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Southeast Asia Rainforest Facts

Updated April 17, 2017

As of 2010, Southeast Asia is home to the fastest-disappearing equatorial rainforests. These rainforests are also the oldest rainforests on Earth---about 70 million years old. Southeast Asia is a string of islands between mainland Asia and Australia and is always humid and warm, but the rainforests are quickly becoming obsolete.

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The Southeast Asian rainforests are in a tropical wet climate that experiences two monsoon seasons a year---from October to February and from April to August. The rainforests get a median 79 inches of rain each year. There is very little change in temperature all year---it always stays around 26.7 degrees C in Southeast Asia, with higher temperatures in the rainforest. There is often rain in the afternoons in the rainforests.


The flora in the Southeast Asian rainforests is broadleaved evergreen. As with many other rainforests, epiphytes such as orchids or ferns grow on trees. Many species thrive in the shade, growing underneath the rainforest's canopy. Plants and animals quickly decompose in the rainforests by fungi and insects, and many of the soil's nutrients remain shallow. The roots of trees aren't able to grow very deep and have adapted by growing in other directions. The trees and plants of the Southeast Asian rainforests are home to many different species such as bats, bees, wasps and other mammals and birds.


There are many species living in the Southeast Asian rainforests, and a lot that are on the verge of extinction. These include species such as the Sumatran rhinoceros, the Sumatran tiger, the white-handed gibbon, the orang-utan and the Malayan tipir.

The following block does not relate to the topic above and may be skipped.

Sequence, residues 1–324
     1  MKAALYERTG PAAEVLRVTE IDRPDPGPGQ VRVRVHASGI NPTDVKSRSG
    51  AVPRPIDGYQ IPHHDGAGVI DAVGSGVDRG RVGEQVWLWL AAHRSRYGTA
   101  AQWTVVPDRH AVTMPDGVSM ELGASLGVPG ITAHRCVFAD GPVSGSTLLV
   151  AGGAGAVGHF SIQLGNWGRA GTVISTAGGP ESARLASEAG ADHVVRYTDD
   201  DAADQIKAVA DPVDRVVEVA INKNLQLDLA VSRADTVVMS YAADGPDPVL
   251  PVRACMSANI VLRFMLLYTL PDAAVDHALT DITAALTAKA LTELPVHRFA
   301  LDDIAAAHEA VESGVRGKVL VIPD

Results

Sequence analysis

People of the Southeast Asian Rainforests

Today few of the original inhabitants of the rainforest remain. These people are Australoids that live mostly in remote areas of Borneo, the Philippines, New Guinea and the Malay. Few of them continue to live their traditional way of life, but many of them continue their indigenous religions that appreciate the spiritual interaction of animals and humans. Because of industry and immigration, many of the tribal people have been relocated.

Rainforest Destruction

Many of the flora and fauna of the Southeast Asian rainforests are becoming extinct because of human destruction of their natural habitat. Logging, dams, mining, industry, poaching, ranching and agriculture have destroyed much of the Southeast Asian rainforest. Indonesia, the Philippines, Malaysia and Papua New Guinea exported large quantities of timber to Japan that resulted in the clearing of a lot of rainforest area. The rainforests have also been threatened by changes in climate, such as the 1998 El Nino, which caused a decrease in rainfall.

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About the Author

Jenny Molberg is a Texas native who has worked as an assistant editor at a literary magazine and her poems have been published in several nationally recognized journals. She holds a Master of Fine Arts in creative writing.

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